Wednesday, November 21, 2012

Presentation of the Blessed Virgin Mary

The Roman Catholic Church and the Greek Orthodox church both celebrate the Presentation of Mary in the Temple. This celebration clearly shows that neither Roman Catholic Tradition nor the Greek Orthodox church rely on Scripture alone — nor should they.

Several apocryphal texts relate that Mary, at the age of three, was brought by her parents to the Temple, in fulfilment of a vow, there to be educated1. The corresponding feast seems to have originated in Syria, where most apocryphal writings were made (and thereon celebrated for at least seven centuries as the Entrance of the Mother of God into the temple of Jerusalem), but it was not until 1166 that the Byzantine emperor Manuel Komnenos fully recognized it as a festival during which the law courts did not sit.

In the West it was introduced by a French nobleman, Philippe de Mazières, Chancellor of the King of Cyprus, who spent some time at Avignon during the pontificate of Gregory XI. It was celebrated in 1372 in the presence of the cardinals with an office borrowed from the Greeks. The following year, it was adopted in the royal chapel at Paris; then in 1418 at Metz; and 1420 at Cologne. In 1460 Pius II granted the feast with a vigil to the Duke of Saxony. Its observance continued in many dioceses throughout Christendom, but at the end of the Middle Ages, it was still missing in many calendars.

At Toledo in 1500 it was assigned by Cardinal Ximenes to 30 September, and Sixtus IV subsequently received it into the Roman Breviary. As an ascetic, Pius V struck it from the calendar in the interest of purity and simplicity, but Sixtus V nevertheless reintroduced it on 1 September, 1585. Pope Clement VIII later raised the occasion to a greater double feast in 1597. The feast also is observed in the Novus Ordo calendar.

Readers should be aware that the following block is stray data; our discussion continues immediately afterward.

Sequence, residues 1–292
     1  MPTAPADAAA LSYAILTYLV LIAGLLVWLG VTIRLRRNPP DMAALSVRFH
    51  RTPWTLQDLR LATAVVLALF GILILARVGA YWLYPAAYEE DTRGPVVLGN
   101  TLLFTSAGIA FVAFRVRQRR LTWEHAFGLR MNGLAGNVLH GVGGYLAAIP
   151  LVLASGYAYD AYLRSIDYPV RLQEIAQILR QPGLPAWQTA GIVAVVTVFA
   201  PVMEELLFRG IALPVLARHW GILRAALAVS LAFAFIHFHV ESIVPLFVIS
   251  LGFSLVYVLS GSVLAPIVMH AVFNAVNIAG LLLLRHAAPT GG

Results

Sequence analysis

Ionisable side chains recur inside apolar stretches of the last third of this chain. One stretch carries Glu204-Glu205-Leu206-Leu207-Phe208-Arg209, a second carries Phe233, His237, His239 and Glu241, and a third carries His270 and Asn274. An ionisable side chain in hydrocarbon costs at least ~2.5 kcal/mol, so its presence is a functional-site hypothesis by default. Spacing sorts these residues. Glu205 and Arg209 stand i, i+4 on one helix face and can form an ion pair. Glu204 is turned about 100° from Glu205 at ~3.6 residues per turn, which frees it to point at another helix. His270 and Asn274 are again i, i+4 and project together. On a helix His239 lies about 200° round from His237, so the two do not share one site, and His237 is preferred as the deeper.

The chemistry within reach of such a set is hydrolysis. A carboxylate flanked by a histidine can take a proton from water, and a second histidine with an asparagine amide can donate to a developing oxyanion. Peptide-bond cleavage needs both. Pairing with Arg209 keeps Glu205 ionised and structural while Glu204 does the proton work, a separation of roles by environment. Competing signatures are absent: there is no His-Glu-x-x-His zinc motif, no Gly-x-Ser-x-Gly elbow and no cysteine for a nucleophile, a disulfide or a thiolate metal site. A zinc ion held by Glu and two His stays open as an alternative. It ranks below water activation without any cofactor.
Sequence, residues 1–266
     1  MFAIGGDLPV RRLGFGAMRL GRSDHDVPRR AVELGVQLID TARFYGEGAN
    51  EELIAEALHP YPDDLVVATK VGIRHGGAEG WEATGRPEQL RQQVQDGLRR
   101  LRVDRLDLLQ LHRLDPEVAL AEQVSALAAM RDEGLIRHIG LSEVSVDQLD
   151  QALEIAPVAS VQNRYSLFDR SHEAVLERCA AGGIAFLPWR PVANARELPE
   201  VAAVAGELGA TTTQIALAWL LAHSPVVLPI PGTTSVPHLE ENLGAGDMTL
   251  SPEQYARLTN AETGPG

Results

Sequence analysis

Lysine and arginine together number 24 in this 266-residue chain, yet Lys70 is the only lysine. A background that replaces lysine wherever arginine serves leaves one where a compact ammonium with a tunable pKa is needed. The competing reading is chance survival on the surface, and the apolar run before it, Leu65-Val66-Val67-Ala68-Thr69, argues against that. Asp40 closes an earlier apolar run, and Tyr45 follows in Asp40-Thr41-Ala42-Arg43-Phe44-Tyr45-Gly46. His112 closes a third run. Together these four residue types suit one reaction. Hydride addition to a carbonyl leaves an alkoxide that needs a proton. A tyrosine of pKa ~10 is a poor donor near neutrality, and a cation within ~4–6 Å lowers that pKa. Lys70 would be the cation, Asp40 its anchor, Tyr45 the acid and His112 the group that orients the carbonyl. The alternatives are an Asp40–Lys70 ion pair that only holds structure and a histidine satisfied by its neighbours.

Today is also a “Pro Orantibus” Day, a day of prayer for cloistered religious “totally dedicated to God in prayer, silence and concealment.”

1 Many otherwise interesting works were rejected from the Biblical canon for various reasons. Some failed because they were plainly heretical tales from breakaway sects such as the Gnostics; others were simply of dubious origin. The Church recognizes certain books as having historical validity, yet not the inspired Word of God, and chose to exclude them. She does not, however, demand of the faithful universal belief in the Presentation of Mary as described above. It always has been and remains merely a pious devotion.


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